Alcohol and the Addictive Brain. Ken Blum, PhD. The Free Press, 1991. One of the first scientists who understood the genetic precedents to addiction, Blum couches his science in cloaks of common language so non-scientists can understand. He explains brain physiology in the disease of alcoholism as clearly as you would give directions to a welcome guest.
The Better Brain: Overcome Anxiety, Combat Depression, and Reduce ADHD and Stress With Nutrition. Bonnie J. Kaplan, PhD and Julia J. Rucklidge, PhD. Houghton Mifflin Harcourt, 2021. Both researchers (Kaplan in Canada and Rucklidge in New Zealand) are renown for contributions in using micronutrients to treat ADHD, mood disorders, addictions, and other mind-related disorders.
Breaking Your Rx Addiction Habit: A Guide to Coming Off Tranquilizers, Antidepressants, Pain Pills and More Using Amino Acids and Nutrients. Billie J. Sahley, PhD, Katherine M. Birkner, CRNA, PhD. Pain & Stress Publications, 1996. Sahley, a pain management specialist, and her co-author produced a variety of booklets on addiction treatment via nutrition that need proofreading but are useful for their brevity.
Cleansing the Body, Mind and Spirit. Carolyn Reuben. Berkley, 1998. (Available on the Internet.) On the myriad ways one can detoxify the body, beginning with free and easy methods and moving on to more involved processes. Check out Chapter 14 starting p.275 on “Addiction and Substance Abuse Detox.”
Depression-Free, Naturally.Joan Mathews-Larson, PhD, Random House, 2001. Originally titled Seven Weeks to Emotional Health as a hard cover, Larson's publisher chose one popular problem to highlight in the title of the paperback but it's truly encyclopedic in covering all manner of emotional disturbances, including addiction, aggression, and ADD. An excellent guidebook whther for self-care or for designing a professional treatment program, by the ‘Mother of Addiction Nutrition.’
The Craving Cure: Identify Your Craving Type to Activate Your Natural Appetite Control. Julia Ross. Flatiron, 2017. In all three of her self-help books Ross makes scientific research immediately comprehensible and useable. This book is a food and particularly a carb addict’s life changer. It explains, for example, how particular amino acids can eliminate a desire for bagel, donut, or Hagen Dazs almost instantly and why family in photos after the 1970s carry so much more weight on them.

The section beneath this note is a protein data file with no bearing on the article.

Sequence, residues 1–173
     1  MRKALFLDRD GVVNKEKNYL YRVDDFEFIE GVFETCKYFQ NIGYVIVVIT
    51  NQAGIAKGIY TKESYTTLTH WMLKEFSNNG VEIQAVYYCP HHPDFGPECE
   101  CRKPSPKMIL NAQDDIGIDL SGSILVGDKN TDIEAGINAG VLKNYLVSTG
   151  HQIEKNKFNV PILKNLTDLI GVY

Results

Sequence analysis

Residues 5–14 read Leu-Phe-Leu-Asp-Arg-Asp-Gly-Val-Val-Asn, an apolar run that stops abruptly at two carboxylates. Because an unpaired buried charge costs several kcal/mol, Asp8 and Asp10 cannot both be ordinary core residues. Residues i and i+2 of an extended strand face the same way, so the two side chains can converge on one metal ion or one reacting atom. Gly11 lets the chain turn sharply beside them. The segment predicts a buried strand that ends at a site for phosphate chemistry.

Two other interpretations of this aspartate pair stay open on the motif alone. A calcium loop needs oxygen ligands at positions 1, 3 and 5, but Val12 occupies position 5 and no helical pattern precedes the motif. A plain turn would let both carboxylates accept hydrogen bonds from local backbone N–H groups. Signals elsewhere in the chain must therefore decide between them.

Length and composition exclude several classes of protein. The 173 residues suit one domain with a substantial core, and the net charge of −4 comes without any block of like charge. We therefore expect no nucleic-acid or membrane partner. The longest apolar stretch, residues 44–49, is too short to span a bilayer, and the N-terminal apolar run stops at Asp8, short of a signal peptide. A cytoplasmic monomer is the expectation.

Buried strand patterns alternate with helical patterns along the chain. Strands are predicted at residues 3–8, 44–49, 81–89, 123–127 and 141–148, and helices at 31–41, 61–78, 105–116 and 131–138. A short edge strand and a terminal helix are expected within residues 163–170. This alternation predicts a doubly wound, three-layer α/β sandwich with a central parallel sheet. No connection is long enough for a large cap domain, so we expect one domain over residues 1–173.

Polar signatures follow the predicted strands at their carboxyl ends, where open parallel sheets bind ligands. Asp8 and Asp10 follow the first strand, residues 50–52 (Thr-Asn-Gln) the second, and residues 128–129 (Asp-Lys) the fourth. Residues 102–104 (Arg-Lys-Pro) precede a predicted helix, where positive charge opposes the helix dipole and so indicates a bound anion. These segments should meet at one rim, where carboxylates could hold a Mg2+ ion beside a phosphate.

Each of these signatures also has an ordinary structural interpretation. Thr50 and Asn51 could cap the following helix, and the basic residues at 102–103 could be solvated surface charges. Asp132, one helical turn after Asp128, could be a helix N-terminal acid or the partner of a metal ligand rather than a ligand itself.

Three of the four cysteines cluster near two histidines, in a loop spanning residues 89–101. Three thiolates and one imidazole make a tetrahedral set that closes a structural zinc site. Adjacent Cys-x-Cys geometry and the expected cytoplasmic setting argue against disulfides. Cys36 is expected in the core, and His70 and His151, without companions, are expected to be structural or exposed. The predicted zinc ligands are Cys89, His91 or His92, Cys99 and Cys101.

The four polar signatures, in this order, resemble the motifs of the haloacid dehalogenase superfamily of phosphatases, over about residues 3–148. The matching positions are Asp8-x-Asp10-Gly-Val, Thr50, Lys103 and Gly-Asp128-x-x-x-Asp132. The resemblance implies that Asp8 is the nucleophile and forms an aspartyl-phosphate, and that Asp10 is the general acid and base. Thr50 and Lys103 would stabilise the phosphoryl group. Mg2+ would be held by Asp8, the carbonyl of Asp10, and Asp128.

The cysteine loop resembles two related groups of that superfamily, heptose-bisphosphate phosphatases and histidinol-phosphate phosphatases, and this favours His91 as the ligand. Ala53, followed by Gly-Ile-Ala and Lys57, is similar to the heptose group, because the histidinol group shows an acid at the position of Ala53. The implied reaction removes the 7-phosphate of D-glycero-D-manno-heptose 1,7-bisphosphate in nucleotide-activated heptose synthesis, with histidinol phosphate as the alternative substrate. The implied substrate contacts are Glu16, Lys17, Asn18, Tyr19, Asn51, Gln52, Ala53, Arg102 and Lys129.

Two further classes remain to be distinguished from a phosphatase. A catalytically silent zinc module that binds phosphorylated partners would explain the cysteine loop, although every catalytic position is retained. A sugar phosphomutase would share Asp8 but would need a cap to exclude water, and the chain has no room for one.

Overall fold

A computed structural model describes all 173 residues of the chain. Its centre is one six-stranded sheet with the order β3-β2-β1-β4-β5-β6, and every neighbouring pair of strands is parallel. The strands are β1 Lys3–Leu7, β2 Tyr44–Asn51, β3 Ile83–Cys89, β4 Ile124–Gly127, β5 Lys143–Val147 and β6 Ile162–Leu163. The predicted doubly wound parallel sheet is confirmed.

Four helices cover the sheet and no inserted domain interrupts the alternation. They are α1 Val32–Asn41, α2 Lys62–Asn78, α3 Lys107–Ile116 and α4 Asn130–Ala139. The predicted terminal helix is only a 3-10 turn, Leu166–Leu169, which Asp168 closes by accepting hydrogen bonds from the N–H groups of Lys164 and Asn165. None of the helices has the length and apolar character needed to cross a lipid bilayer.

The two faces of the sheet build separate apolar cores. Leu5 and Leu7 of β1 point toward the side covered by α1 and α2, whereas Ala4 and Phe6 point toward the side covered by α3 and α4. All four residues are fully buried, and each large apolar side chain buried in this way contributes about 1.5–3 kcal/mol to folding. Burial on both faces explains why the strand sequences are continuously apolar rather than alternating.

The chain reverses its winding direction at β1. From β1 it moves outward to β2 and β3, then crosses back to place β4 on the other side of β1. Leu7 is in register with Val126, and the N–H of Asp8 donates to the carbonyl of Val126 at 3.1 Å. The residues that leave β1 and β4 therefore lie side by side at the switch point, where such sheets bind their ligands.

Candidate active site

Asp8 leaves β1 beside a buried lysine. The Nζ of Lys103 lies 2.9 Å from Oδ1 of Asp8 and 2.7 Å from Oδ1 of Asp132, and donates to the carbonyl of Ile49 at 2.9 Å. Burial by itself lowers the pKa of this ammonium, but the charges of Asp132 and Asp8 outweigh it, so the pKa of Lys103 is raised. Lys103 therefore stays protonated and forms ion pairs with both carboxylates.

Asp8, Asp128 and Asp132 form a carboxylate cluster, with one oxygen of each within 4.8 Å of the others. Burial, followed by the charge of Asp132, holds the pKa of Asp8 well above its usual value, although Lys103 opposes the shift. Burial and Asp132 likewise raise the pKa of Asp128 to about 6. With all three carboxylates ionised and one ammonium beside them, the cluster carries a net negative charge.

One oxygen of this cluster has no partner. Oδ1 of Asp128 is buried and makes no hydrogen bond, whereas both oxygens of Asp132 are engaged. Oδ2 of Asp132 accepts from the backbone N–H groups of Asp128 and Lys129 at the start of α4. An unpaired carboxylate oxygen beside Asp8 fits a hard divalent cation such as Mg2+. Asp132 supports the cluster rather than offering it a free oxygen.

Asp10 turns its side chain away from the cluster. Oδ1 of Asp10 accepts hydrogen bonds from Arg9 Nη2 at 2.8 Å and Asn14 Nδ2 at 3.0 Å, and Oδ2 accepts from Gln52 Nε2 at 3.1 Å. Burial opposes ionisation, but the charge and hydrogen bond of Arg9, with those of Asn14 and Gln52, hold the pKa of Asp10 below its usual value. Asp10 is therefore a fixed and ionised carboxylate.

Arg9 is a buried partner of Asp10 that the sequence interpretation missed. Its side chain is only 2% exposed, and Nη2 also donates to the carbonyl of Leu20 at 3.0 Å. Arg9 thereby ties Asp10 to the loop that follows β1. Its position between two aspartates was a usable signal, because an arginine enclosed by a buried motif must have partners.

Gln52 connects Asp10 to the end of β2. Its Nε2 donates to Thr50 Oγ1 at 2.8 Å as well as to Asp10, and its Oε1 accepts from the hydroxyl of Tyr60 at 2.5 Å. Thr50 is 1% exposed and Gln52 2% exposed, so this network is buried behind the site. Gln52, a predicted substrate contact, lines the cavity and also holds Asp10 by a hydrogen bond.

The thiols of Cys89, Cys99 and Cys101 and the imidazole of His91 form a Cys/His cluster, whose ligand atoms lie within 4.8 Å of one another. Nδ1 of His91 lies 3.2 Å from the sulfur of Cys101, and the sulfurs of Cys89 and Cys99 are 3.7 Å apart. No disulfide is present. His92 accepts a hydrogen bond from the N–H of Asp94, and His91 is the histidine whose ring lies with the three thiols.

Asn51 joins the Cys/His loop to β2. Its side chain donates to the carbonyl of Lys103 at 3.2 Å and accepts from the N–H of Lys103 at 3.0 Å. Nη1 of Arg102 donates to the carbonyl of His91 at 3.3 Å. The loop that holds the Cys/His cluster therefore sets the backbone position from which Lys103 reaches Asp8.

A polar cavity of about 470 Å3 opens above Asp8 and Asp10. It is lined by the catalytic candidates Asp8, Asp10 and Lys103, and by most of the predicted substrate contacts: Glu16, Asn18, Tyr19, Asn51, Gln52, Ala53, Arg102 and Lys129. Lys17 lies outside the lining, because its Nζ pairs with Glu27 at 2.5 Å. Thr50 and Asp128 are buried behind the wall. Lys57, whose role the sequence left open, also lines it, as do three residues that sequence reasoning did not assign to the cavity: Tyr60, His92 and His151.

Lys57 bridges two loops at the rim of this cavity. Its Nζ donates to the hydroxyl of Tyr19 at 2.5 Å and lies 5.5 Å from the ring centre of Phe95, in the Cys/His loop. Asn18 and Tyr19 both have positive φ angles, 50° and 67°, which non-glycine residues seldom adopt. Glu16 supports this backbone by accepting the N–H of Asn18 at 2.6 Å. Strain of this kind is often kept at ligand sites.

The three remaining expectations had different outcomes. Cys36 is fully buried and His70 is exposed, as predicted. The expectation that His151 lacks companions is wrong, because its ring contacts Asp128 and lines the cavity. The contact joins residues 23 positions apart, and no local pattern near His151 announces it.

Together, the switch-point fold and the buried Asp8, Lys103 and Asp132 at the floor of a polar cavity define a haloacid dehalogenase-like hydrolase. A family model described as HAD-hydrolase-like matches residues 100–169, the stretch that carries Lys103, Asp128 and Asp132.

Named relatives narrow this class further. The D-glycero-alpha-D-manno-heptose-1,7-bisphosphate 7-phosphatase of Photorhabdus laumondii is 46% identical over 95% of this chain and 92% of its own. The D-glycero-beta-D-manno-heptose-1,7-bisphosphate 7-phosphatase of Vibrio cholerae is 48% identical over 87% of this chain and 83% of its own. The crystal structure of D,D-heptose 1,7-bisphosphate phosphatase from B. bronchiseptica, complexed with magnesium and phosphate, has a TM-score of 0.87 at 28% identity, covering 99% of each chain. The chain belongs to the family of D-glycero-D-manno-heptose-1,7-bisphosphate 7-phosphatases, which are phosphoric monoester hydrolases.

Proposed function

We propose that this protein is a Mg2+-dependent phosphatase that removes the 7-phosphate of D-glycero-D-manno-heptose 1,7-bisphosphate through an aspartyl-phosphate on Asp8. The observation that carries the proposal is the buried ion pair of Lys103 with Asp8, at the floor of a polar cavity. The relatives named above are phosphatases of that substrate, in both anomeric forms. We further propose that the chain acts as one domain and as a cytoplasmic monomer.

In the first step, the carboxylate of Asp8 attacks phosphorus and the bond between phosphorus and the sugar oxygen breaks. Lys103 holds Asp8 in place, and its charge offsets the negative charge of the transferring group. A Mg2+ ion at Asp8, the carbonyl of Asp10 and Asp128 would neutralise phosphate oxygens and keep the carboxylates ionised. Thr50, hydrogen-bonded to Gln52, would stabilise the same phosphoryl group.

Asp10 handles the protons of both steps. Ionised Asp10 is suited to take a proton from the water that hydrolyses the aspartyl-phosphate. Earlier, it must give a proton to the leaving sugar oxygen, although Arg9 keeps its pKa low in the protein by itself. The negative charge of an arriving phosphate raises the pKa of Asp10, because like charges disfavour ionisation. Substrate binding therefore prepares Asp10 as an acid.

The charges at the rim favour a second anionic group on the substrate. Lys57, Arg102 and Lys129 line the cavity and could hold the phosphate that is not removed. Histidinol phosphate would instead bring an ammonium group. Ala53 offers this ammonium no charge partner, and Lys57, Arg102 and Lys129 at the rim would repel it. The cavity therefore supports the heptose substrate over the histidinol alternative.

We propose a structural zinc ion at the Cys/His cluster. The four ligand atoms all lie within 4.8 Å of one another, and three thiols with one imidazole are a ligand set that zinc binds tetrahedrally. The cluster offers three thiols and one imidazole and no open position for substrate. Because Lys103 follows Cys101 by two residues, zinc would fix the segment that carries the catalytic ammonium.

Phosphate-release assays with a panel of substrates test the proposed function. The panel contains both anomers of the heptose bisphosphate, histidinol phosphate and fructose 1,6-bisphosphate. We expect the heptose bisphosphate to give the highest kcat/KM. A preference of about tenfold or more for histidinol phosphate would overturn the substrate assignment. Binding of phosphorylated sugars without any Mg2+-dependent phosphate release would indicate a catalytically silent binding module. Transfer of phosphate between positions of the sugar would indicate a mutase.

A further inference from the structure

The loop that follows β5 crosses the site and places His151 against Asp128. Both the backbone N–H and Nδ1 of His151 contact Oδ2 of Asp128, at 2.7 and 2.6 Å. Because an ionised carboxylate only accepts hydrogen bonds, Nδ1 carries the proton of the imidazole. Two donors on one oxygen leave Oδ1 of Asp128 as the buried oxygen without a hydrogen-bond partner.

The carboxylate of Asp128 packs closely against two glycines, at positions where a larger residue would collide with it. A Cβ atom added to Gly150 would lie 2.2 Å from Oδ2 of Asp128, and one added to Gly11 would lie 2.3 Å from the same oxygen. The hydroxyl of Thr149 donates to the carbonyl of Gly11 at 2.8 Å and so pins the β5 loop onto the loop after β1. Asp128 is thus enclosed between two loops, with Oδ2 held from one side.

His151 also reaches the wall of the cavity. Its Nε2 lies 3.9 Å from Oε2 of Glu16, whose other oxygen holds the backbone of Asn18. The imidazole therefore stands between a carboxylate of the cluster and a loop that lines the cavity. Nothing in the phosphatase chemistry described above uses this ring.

The Mood Cure: The 4-Step Program to Take Charge of Your Emotions—Today. Julia Ross, MA. Penguin, 2003 (Dec 30). If every doctor read and learned from this book, there would be fewer patients addicted to pharmaceuticals, fewer women with undiagnosed thyroid or adrenal insufficiency, and fewer miserable insomniacs on this planet. Ross, a pioneer in the field of addiction nutrition, gently covers technical ground while sharing her experience with using food and nutrients as healing agents. Using her handy questionnaires and advice you will quickly figure out the nutrients and dietary changes that will bring back clearheaded focus and a joyful mood without drugs. An updated version is coming out in 2022 or 2023 but the original is still outstanding and has hundreds of five-star reviews.
The Diet Cure: The 8-Step Program to Rebalance Your Body Chemistry and End Food Cravings, Weight Gain, and Mood Swings--Naturally. Julia Ross. Penguin Life, 2012. What The Mood Cure is to using nutrition and individualized amino acids for mental health The Diet Cure is to eating disorders. It’s a clear path to self-repair, with the questions and answers the reader needs to know how to figure out what to do for herself (or himself) when treatment hasn’t worked and loved ones are worried, doctors are at wit’s end, and the individual is willing to believe it isn’t just “all in her head.”
End Your Addiction Now: The Proven Nutritional Supplement Program That Can Set You Free. Charles Gant, MD, PhD, and Greg Lewis, PhD. Square One, 2009. An excellent self-guide down the path of nutritional supplementation for addiction relief. It includes one of the few nutrition-oriented protocols to stop smoking.